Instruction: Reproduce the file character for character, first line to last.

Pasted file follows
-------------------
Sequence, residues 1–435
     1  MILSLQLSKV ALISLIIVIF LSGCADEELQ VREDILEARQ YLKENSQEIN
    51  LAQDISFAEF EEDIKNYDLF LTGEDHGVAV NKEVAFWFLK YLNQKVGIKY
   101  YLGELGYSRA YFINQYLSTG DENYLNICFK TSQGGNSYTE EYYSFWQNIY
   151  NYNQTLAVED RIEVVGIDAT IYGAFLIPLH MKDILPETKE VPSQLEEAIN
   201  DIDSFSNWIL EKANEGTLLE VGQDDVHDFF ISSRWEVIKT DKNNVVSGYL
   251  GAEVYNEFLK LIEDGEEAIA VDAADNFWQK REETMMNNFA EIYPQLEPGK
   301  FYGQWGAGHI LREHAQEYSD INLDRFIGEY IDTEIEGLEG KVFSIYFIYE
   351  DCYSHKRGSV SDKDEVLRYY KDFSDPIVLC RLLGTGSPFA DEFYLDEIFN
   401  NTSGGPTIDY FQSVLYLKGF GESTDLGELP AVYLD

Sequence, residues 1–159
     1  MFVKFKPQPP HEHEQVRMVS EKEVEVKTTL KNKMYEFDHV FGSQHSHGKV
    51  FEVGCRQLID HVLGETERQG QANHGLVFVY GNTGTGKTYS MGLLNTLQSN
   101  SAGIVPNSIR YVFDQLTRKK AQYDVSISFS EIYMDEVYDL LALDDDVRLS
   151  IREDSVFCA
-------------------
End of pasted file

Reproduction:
Sequence, residues 1–435
     1  MILSLQLSKV ALISLIIVIF LSGCADEELQ VREDILEARQ YLKENSQEIN
    51  LAQDISFAEF EEDIKNYDLF LTGEDHGVAV NKEVAFWFLK YLNQKVGIKY
   101  YLGELGYSRA YFINQYLSTG DENYLNICFK TSQGGNSYTE EYYSFWQNIY
   151  NYNQTLAVED RIEVVGIDAT IYGAFLIPLH MKDILPETKE VPSQLEEAIN
   201  DIDSFSNWIL EKANEGTLLE VGQDDVHDFF ISSRWEVIKT DKNNVVSGYL
   251  GAEVYNEFLK LIEDGEEAIA VDAADNFWQK REETMMNNFA EIYPQLEPGK
   301  FYGQWGAGHI LREHAQEYSD INLDRFIGEY IDTEIEGLEG KVFSIYFIYE
   351  DCYSHKRGSV SDKDEVLRYY KDFSDPIVLC RLLGTGSPFA DEFYLDEIFN
   401  NTSGGPTIDY FQSVLYLKGF GESTDLGELP AVYLD

Sequence, residues 1–159
     1  MFVKFKPQPP HEHEQVRMVS EKEVEVKTTL KNKMYEFDHV FGSQHSHGKV
    51  FEVGCRQLID HVLGETERQG QANHGLVFVY GNTGTGKTYS MGLLNTLQSN
   101  SAGIVPNSIR YVFDQLTRKK AQYDVSISFS EIYMDEVYDL LALDDDVRLS
   151  IREDSVFCA